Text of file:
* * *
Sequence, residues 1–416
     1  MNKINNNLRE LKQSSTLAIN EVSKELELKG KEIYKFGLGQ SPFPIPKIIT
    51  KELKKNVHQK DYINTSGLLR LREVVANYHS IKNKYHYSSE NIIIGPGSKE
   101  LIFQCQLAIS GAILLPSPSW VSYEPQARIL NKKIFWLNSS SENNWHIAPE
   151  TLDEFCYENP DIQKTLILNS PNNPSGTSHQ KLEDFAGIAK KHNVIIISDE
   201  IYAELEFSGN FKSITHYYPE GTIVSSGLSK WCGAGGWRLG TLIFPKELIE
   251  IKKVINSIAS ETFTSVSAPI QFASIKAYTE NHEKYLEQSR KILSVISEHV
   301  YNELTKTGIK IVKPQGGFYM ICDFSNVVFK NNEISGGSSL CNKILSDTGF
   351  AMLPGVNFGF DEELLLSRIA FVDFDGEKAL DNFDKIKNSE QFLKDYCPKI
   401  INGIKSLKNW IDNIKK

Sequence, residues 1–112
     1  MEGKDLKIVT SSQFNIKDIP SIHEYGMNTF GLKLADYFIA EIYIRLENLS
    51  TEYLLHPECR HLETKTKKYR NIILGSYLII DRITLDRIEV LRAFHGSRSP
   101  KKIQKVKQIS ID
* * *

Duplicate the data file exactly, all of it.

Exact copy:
Sequence, residues 1–416
     1  MNKINNNLRE LKQSSTLAIN EVSKELELKG KEIYKFGLGQ SPFPIPKIIT
    51  KELKKNVHQK DYINTSGLLR LREVVANYHS IKNKYHYSSE NIIIGPGSKE
   101  LIFQCQLAIS GAILLPSPSW VSYEPQARIL NKKIFWLNSS SENNWHIAPE
   151  TLDEFCYENP DIQKTLILNS PNNPSGTSHQ KLEDFAGIAK KHNVIIISDE
   201  IYAELEFSGN FKSITHYYPE GTIVSSGLSK WCGAGGWRLG TLIFPKELIE
   251  IKKVINSIAS ETFTSVSAPI QFASIKAYTE NHEKYLEQSR KILSVISEHV
   301  YNELTKTGIK IVKPQGGFYM ICDFSNVVFK NNEISGGSSL CNKILSDTGF
   351  AMLPGVNFGF DEELLLSRIA FVDFDGEKAL DNFDKIKNSE QFLKDYCPKI
   401  INGIKSLKNW IDNIKK

Sequence, residues 1–112
     1  MEGKDLKIVT SSQFNIKDIP SIHEYGMNTF GLKLADYFIA EIYIRLENLS
    51  TEYLLHPECR HLETKTKKYR NIILGSYLII DRITLDRIEV LRAFHGSRSP
   101  KKIQKVKQIS ID